The Irish Stock Exchange's ISEQ index rose 30% in 2015 to close at 6,791.68 making Dublin one of Europe's top stock market performers. However with 58 issues overall including ones of foreign origin, only four firms — CRH (its primary listing is in London), Ryanair, BOI (Bank of Ireland) and Kerry — accounted for 66% of market capitalisation.

 

We have excluded the anomalous value of €18bn for the state-owned Allied Irish Banks.

CRH had an end of year valuation of €22.0bn; Ryanair €19.8bn; Kerry €13.4bn and BOI €10.9bn — see data here.

Ryanair's share prices jumped by 53% in 2015; CRH rose 34% and Kerry gained 33%.

Elsewhere, the Shanghai Composite index was up 9.4% in 2015 despite a 43% summer plunge; Argentina rose 36.1%; Denmark 36.2% and Hungary 43.8%.

Bloomberg reports that the pan-European Stoxx Europe 600 Index rose 6.8% last year, less than half its average annual return since global equities bottomed in 2009 and falling short of the 14% gain forecast by banks and brokerages a year ago. At the same time, viewed against what was available in equities elsewhere, it was the best showing in a decade.

The Stoxx Europe 600 index rose 4.4% in 2014; 17.4% in 2013 and a 14.4% climb in 2012.

Germany’s DAX 30 index had a 9.6% gain boosted by a weak euro, which fell nearly 10% against the dollar this year.

France’s CAC 40 gained 8.5% while the UK’s FTSE 100 index dropped 4.9% in 2015 due to its heavy exposure to commodity markets.

In Greece, the Athex Composite Index plunged 23.6% in 2015.

The Wall Street Journal reports that US stocks had their worst annual performance since 2008, closing out a rocky year that tempered investors’ expectations for gains in 2016.

The Dow Jones Industrial Average, a basket of 30 stocks, lost 2.2% in 2015, while the broader S&P 500 fell 0.7%.

The S&P’s loss ended three years of double-digit gains for the index, but was far from the nearly 40% dive it took in 2008, a year of financial crisis. The energy sector was the biggest faller in the S&P 500, declining 24%.
Chesapeake Energy tumbled 77% and was the biggest decliner in the S&P 500.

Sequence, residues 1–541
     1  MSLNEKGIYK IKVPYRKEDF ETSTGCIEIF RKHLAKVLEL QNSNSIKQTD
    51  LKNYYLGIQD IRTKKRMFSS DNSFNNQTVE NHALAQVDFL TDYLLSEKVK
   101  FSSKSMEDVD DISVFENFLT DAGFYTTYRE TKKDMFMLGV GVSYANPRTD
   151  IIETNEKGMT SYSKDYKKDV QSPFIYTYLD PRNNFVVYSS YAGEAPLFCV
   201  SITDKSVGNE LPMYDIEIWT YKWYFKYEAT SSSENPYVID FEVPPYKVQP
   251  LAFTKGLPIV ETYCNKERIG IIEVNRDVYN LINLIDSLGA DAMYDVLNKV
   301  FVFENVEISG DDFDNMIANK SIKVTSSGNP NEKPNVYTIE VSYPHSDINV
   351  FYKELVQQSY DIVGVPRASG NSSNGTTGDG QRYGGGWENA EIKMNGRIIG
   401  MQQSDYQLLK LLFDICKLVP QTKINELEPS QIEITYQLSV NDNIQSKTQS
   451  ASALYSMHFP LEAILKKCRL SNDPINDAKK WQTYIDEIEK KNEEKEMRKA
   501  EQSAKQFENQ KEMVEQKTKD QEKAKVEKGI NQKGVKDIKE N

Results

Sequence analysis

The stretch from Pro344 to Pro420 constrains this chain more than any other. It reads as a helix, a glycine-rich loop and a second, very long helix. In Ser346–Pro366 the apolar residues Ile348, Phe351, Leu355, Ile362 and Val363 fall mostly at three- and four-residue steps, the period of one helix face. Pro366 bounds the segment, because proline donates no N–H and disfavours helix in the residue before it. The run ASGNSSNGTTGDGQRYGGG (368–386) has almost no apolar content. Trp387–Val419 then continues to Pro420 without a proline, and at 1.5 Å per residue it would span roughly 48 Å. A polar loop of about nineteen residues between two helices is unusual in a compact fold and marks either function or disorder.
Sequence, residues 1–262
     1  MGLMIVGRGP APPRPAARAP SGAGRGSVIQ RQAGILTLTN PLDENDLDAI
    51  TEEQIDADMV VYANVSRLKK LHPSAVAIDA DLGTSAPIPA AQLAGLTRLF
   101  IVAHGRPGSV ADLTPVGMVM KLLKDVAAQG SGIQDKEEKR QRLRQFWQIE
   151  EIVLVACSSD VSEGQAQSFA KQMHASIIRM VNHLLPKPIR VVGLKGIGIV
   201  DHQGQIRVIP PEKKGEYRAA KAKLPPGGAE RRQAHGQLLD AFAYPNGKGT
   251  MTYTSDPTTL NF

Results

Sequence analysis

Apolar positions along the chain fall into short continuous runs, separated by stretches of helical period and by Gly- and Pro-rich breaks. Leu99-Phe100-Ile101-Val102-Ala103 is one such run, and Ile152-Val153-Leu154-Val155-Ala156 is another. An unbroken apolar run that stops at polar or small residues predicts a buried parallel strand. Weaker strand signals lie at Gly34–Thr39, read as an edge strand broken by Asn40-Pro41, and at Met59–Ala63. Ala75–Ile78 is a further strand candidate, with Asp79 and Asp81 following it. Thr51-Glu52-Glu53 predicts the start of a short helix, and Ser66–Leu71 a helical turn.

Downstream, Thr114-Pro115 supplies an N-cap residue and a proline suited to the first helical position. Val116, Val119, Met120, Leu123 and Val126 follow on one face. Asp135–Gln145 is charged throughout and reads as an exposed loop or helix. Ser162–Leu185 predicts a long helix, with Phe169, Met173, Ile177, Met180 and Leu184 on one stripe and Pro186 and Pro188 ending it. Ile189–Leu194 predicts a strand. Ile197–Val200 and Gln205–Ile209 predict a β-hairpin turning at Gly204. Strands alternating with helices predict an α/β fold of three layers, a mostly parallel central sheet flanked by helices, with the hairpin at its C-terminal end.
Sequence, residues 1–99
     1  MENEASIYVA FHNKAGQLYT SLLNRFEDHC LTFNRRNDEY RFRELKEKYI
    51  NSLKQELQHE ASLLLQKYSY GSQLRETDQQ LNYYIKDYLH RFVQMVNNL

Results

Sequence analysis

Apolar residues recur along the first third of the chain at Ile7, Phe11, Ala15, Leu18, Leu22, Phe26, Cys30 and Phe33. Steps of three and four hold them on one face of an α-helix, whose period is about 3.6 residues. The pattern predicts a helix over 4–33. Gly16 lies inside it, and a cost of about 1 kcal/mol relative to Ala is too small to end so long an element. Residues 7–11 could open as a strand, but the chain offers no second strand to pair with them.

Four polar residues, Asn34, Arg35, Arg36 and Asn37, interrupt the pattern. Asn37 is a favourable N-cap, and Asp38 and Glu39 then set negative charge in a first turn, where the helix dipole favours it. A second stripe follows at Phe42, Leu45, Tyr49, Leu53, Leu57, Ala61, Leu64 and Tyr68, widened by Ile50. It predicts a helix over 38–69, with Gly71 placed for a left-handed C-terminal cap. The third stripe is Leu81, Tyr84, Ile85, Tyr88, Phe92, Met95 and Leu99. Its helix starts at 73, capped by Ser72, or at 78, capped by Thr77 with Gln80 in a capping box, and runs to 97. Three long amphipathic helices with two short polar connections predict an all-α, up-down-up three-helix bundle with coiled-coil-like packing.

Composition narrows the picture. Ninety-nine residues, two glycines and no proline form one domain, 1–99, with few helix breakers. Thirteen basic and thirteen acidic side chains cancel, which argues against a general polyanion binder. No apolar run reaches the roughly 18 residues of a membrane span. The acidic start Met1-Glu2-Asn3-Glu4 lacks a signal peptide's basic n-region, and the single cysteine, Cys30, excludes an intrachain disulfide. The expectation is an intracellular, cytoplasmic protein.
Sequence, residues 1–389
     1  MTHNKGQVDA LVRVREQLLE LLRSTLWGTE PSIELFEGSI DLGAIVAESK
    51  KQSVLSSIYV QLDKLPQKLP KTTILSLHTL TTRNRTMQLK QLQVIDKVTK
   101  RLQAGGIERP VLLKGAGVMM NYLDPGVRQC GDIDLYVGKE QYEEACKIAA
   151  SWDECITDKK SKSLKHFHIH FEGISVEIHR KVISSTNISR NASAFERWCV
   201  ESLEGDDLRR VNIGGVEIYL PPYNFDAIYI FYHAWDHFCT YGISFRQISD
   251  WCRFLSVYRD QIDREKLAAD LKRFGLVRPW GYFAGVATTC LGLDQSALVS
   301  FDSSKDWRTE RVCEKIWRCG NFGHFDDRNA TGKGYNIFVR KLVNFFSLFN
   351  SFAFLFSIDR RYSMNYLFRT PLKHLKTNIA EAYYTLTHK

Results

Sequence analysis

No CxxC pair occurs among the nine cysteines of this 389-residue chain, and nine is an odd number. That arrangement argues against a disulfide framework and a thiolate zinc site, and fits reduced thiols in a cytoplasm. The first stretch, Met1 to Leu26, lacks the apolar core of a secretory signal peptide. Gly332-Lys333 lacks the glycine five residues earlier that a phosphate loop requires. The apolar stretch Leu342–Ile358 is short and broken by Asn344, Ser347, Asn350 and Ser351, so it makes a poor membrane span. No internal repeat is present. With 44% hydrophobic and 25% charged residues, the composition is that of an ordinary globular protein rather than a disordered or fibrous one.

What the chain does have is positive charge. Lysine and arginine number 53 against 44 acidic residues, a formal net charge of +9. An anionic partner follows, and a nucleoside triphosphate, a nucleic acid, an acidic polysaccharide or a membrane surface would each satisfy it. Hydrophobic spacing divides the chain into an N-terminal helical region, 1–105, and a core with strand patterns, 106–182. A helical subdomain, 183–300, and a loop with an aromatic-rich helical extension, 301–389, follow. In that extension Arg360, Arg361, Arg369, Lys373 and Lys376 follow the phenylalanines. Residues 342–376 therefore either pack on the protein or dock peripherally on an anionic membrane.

However, the tech-heavy Nasdaq Composite Index rose 5.7%. Netflix and Amazon.com, the top-performing stocks in the S&P 500 in percentage terms, rose 134% and 118%, respectively. The consumer discretionary sector, which includes stocks such as Starbucks and Expedia, led the S&P 500 with an 8.4% gain.

Irish share prices, ISEQ, 2015

MSCI Asia Pacific index closed down more than 4% while the MSCI ex-Japan shed nearly 12% in 2015.

Apart from the rise of the Shanghai Composite index by 9.4%, Japan's Nikkei index gained 9.1% in 2015 to end at its highest level in 19 years. New Zealand's NZX-50 index was the best regional performer up 13.6% for the year to close at a record high as dairy prices rose from earlier lows.

India's S&P BSE Sensex dipped 5% in 2015 after hitting an all-time high of 30,024.74 on 4 March. It jumped 30% in 2014.

South Korea's Kospi average gained 2.4% in 2015 while Australia's S&P/ASX lost 2.1%.

Bursa Malaysia's KLCI index fell 3.9%.

Commodities and currencies

The Thomson Reuters CRB commodities index fell 24% to 6-year lows in 2015.

The price of oil skidded to 11-year lows.

After falling from over $100 a barrel in 2014 to nearly $50 a barrel, US oil prices plunged 30% in 2015 to $37.04 a barrel. Brent, the global benchmark, dipped 35% to $37.28 a barrel.

US prices had a second straight annual loss for the first time since 1998. Brent prices fell for a third straight year according to The Wall Street Journal.

The ICE Dollar Index, a measure of the dollar against a basket of major currencies, rose 8.9% in the year while Reuters reports that among more widely-traded currencies, the five worst performing have been the Argentinean peso and Brazilian real, with losses of more than 30% versus the dollar; the South African rand, Turkish lira and the Russian rouble, have tumbled more than 18%.

The Nikkei Asian Review reports that the Malaysian ringgit fell 22.75% during 2015, lagging all Asian peers and chalking its biggest yearly decline since 1997.After the ringgit, the Indonesian rupiah fell the most for the year with an 11.0% decline. The Thai baht and the Singapore dollar fell 9.8% and 6.6%. The Philippine peso declined 4.8%. The Korean won and Taiwanese dollar fell 7.5% and 3.9% in 2015.

Reuters reports that since May 2014, the US dollar has appreciated by a quarter in value against a basket of currencies and by 22% against the euro. For the year, the US currency rose over 10% against the euro for its second straight yearly gain.

Against the yen, the dollar eked out a 0.4% gain to mark its fourth straight yearly rise against the yen.

Reuters says that the dollar has lost almost 5% to the euro in the past month and the dollar index almost 2% while sterling, driven to an 8-month low by fears over Britain's referendum on leaving the European Union, has fallen 4.7% against a basket of currencies, including the dollar, this year.

The euro weakened by 6.3% against sterling in 2015.